Recently I was invited to speak about the difficulties of dealing with bullying in school on That Expert Show. Bullying happens when one individual removes the power from the other and creates an unsafe environment. The individual receiving such negative behaviors from another will feel intimidated and unwanted. Bullying has an additional impact on self-esteem and self-confidence.
Bullying can happen anywhere and at any time. It can occur at any educational level, in the workforce or even in a family dynamic. Bullying is not just about the one being bullied. The bully is often a victim, too. A whole child approach to addressing this dynamic provides empathy for both victims as there are underlying issues that lead the “bully” to attack another student.
When students feel attacked, they often withdraw. You may notice a change in their school attendance and/or academic performance. Avoiding social situations with other peers may also be a response to what is happening. Eating and sleeping patterns may be impacted.
Students spend over six hours a day in school. Ideally they learn about community and develop positive personal relationships with peers and adults. The hope is that school is a place where students learn how to handle challenges such as bullying. The goal is to support the whole child as they move through each grade level.
Following are some effective steps for supporting bullied students:
Talk to the child about what is going on and acknowledge that this is a difficult situation. Let them speak to you about their feelings and listen. Use an activity to chart the size of the problem. Is this happening to everyone or just this student? From this discussion identify ways to handle this situation.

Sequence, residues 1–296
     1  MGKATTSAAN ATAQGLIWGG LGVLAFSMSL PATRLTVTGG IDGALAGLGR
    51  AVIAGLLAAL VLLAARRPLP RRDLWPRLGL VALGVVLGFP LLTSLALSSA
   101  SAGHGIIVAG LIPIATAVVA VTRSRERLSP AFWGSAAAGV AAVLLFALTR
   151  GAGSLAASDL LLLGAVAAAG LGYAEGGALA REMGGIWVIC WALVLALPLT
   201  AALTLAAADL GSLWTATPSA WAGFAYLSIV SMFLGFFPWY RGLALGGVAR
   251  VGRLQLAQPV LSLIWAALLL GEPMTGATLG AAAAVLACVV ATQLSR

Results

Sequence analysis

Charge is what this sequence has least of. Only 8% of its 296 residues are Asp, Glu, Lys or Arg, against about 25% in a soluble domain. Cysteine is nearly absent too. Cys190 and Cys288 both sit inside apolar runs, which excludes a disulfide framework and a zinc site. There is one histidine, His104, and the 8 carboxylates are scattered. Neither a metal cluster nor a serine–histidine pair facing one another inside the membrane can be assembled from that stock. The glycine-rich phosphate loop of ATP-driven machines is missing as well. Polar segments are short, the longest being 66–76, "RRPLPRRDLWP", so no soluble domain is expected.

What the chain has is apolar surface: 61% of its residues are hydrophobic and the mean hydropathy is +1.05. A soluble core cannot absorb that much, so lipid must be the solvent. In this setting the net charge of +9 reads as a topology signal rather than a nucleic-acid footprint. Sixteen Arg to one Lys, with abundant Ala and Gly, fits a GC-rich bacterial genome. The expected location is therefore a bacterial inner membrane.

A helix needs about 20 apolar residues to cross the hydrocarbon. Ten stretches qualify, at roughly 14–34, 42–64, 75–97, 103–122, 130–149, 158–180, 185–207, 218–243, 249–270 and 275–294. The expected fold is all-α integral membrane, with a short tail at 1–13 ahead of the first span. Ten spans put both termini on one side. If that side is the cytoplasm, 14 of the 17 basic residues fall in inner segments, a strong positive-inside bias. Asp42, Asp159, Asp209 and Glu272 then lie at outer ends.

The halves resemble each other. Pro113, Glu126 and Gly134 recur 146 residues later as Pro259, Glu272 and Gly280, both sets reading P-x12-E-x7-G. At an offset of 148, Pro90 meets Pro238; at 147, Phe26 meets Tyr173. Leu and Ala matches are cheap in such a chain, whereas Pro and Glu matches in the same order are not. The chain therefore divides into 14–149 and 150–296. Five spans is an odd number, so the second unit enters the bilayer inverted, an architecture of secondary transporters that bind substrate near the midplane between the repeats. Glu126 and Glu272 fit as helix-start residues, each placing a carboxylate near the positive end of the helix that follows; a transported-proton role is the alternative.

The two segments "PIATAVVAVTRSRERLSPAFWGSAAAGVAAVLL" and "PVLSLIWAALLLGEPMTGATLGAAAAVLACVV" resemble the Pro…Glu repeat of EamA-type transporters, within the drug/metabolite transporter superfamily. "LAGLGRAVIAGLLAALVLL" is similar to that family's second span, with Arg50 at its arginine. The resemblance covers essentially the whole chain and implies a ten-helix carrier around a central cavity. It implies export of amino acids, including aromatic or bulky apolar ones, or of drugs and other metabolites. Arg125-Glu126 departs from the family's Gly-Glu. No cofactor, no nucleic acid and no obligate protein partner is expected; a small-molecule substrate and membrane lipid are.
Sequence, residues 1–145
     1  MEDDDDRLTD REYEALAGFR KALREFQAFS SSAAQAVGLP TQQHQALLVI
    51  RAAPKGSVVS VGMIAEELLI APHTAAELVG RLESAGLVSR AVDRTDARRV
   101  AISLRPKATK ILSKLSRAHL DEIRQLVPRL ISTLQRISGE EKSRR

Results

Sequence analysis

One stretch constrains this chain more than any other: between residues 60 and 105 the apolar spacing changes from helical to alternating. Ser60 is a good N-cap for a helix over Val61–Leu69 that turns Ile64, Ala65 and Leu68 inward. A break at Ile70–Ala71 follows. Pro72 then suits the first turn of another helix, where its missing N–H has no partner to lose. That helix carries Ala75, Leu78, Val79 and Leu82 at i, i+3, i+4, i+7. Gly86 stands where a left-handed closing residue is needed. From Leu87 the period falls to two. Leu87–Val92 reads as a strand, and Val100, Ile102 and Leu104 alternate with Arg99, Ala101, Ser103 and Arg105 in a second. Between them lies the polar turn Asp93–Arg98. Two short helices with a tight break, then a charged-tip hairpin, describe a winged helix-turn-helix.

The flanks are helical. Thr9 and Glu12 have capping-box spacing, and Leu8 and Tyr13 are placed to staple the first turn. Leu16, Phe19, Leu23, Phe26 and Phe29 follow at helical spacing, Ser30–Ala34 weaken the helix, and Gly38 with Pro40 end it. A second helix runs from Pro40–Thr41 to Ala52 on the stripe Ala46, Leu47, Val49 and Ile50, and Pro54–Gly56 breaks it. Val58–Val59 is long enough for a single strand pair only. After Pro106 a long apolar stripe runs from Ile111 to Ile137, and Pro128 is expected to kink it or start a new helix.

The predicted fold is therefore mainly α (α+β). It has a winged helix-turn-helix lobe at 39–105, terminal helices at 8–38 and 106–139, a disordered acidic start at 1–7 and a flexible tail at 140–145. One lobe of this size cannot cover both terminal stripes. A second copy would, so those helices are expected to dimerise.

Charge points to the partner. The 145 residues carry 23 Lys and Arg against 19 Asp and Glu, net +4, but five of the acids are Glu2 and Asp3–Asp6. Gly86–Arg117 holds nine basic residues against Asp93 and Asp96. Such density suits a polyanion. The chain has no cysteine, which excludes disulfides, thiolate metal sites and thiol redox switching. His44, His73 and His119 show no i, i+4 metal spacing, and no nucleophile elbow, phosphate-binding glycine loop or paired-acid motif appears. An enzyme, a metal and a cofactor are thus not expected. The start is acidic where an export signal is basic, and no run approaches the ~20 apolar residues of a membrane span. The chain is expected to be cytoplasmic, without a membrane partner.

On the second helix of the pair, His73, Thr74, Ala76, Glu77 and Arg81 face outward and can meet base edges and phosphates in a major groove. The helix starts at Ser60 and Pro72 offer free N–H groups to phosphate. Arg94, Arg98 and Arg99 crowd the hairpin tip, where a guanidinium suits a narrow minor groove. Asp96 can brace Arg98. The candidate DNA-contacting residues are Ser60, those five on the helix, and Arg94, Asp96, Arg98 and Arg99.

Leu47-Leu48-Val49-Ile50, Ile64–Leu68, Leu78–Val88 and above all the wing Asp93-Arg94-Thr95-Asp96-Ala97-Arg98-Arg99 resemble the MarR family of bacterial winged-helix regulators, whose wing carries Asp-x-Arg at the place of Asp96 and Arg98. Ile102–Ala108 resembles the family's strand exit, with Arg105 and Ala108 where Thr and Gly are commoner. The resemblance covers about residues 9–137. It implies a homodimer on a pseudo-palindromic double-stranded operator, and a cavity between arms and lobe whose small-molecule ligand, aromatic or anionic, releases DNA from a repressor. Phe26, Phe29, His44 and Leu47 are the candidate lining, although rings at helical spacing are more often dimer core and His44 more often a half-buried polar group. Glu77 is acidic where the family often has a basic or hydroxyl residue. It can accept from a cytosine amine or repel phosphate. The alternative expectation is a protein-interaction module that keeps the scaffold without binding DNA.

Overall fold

Understand the power of words
What we say can inform, help or hurt. It is hard to take back what is said. An exercise that can help illustrate this is to have the student squeeze a toothpaste tube and then attempt to put the toothpaste back in the tube. This is very difficult if not impossible to do and can illustrate that words can be said, but often the emotional impact on another person cannot be removed. Before saying something, think and reflect on how it might be perceived. Teach the student to share their emotions with the individual. They may not be aware that their words are causing such distress. Understand and define the idea of perceptions.
Take time to set up some scenarios that the child may encounter. From this experience you can help them generate a list of how best to handle different interactions. Role playing also assists with the upstander role. Being an upstander for others being bullied can help change the culture of relationships and can help the student establish a connection to the other student’s needs.
Studies find that the resultant mindset changes when we share more gratitude and kindness positively shape our overall behavior. Relatedly, the cascading impact of transforming a negative situation into a positive one can be significant for all involved. Providing our students the opportunity to engage in acts of kindness through community service and other collaborative projects benefiting others builds their self-esteem and confidence. The centering impact gives them the strength to see beyond confrontational moments and to recognize that such events do not define one’s life.
Connect with a school team
The school counselor, social worker, psychologists, teachers, and administrators can include classroom lessons on topics related to bullying and social-emotional issues. Connect this to a student’s home life by providing family members with tips to reinforce concepts at home with the child. If it is an individual situation, discuss what is happening with the child and create an acceptable plan of action.
We need to know our students’ strengths and challenges to best offer meaningful supports and strategies for dealing with bullying. What supports and activities would you add to this list?